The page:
Enabling Legislation2016-12-01T17:03:16+00:00

Enabling Legislation

FINAL BILL REPORT ESB 5381

C 305 L 05

Synopsis as Enacted

Brief Description: Authorizing an independent, nonprofit Washington academy of sciences.

Sponsors: Senators Kohl-Welles, Parlette, McAuliffe, Pridemore, Rockefeller, Brown, Rasmussen, Schoesler, Shin, Haugen, Schmidt, Keiser and Kline; by request of Governor Gregoire.

Senate Committee on Labor, Commerce, Research & Development House Committee on Higher Education House Committee on Appropriations

Background: Academies of Science are part of our Nation’s history. The National Academy of Sciences (NAS) was signed into being by President Abraham Lincoln in 1863. Since its inception, the NAS has served to investigate, examine, experiment, and report upon any subject of science or art whenever called upon to do so by the federal government. The NAS is actually made up of four organizations. These non-profit organizations work outside the framework of government to ensure independent advice on matters of science, technology, and medicine.

There are also state level academies of science. California’s Academy of Science is a private non-profit organization that provides scientific knowledge and expertise to visiting scientists, educators, adults, students, parents, children, conservation organizations, government leaders, and the media. The Mississippi Academy of Sciences is an organization of scientists, engineers, and others from schools and universities, government, industry and business that supports science within the state.

Summary: The Washington Academy of Science (Academy) is created as a nonprofit organization whose principal mission is to provide scientific analysis and recommendations on issues referred to the Academy by the Governor or the legislature, including identifying past or present research projects in Washington State, or other research institutions and the findings of such research projects.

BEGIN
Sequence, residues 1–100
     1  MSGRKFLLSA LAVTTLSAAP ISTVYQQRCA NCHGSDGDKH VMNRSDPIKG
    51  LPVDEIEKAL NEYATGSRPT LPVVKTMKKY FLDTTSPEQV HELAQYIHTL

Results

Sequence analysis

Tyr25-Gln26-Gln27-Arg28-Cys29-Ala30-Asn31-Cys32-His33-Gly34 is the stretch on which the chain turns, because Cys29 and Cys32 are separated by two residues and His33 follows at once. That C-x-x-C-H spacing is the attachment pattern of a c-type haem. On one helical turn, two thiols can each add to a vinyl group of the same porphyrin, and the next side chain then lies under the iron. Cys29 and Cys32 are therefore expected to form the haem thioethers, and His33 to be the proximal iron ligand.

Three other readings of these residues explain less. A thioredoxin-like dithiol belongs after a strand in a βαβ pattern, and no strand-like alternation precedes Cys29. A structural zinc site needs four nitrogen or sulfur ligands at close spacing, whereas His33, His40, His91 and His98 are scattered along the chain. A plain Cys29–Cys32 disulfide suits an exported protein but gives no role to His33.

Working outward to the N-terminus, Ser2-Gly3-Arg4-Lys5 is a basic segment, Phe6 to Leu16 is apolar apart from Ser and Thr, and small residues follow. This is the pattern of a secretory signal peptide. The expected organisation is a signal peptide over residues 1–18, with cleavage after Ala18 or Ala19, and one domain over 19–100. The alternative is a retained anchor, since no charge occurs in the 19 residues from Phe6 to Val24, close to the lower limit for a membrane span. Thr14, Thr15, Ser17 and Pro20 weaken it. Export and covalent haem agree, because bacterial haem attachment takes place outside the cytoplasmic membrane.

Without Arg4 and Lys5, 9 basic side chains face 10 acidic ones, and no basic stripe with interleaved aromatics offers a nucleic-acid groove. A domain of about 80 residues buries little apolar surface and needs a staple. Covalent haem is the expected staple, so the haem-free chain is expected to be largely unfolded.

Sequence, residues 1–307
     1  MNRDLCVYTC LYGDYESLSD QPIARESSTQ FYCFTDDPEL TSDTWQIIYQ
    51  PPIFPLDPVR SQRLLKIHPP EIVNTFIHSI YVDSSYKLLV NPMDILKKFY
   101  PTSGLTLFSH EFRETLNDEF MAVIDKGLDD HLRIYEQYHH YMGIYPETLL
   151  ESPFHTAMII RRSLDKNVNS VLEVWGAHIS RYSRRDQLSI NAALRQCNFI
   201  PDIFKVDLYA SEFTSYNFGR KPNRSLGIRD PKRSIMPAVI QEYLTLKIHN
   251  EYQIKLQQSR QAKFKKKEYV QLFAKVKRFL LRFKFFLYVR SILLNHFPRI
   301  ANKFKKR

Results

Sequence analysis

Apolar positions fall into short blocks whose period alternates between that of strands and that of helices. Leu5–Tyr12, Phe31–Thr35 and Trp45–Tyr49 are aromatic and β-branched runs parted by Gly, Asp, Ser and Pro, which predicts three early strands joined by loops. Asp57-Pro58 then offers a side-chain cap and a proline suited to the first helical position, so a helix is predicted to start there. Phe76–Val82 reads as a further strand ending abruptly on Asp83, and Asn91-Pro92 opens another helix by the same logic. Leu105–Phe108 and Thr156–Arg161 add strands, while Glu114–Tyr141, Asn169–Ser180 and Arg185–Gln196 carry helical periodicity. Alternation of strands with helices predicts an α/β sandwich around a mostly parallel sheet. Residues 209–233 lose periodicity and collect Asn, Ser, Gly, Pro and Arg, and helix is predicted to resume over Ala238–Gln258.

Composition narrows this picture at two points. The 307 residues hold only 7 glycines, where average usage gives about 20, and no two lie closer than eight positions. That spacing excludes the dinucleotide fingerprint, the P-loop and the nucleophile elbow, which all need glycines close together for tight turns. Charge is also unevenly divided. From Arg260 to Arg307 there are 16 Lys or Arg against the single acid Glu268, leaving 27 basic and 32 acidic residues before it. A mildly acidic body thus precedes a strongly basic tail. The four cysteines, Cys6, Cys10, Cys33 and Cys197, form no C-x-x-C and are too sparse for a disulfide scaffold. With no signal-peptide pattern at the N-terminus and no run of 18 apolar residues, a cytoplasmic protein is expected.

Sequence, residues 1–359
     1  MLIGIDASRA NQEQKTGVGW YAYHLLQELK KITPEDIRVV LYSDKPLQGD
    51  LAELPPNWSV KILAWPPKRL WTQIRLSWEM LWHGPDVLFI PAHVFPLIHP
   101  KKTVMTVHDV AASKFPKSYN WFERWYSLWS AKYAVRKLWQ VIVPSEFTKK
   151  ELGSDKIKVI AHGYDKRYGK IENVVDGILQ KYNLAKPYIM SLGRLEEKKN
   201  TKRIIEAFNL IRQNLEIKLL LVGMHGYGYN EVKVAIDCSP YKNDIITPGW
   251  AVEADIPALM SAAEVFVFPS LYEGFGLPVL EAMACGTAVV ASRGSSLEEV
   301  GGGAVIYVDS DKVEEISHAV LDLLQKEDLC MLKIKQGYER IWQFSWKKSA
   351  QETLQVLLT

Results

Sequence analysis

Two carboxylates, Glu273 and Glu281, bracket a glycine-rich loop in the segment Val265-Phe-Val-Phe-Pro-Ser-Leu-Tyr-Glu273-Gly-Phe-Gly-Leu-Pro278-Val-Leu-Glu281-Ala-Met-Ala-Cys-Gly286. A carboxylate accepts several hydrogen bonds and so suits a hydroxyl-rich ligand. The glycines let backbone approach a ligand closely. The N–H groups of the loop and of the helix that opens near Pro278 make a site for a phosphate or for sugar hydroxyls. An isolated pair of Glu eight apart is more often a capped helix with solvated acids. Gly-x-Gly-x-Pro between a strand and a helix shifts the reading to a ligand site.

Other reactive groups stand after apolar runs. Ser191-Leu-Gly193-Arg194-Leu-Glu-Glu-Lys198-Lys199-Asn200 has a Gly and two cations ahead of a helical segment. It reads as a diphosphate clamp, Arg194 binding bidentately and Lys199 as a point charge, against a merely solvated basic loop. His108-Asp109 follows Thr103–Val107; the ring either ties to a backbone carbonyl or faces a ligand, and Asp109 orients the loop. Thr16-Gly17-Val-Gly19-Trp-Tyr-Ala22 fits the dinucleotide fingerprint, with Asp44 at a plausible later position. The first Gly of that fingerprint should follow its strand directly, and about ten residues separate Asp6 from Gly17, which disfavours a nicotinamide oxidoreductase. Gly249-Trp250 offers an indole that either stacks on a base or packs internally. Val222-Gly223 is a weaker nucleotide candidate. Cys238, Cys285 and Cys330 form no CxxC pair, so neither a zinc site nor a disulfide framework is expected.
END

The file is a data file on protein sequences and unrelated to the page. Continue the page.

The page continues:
The presidents of the University of Washington and Washington State University serve as co-chairs of an organizing committee for the purpose of creating the academy. The organizing committee is to be comprised of representatives of appropriate disciplines of academic, private, governmental, and research sectors.

The timeline for the creation of the Academy is as follows:

January 1, 2006: organizing committee formed;

April 30, 2007: committee’s review is complete; and

by April 30, 2007: academy files articles of incorporation.

The organizing committee is to recommend procedures and funding requirements for receiving and disbursing funding in support of the Academy’s programs and services. The report is to be

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made to the Governor and the appropriate committees of the Senate and House of Representatives by April 30, 2007.

The bylaws or other operating guidelines are to outline procedures for selecting panels of experts to respond to Governor or legislative requests. The panel members are to avoid conflicts of interest, and proposed panelists must disclose any advocacy positions or financial interest, within the past ten years, related to the research at hand.

The Governor provides funding to the Academy for the actual expense of investigations, examinations, and reports. This funding is in addition to state funding assistance to the academy in its initial years of operation.

Votes on Final Passage:

Senate 48 0

House 87 7 (House amended)

Senate 37 0 (Senate concurred)

Effective: July 24, 2005

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Read the full legislation, Engrossed Senate Bill 538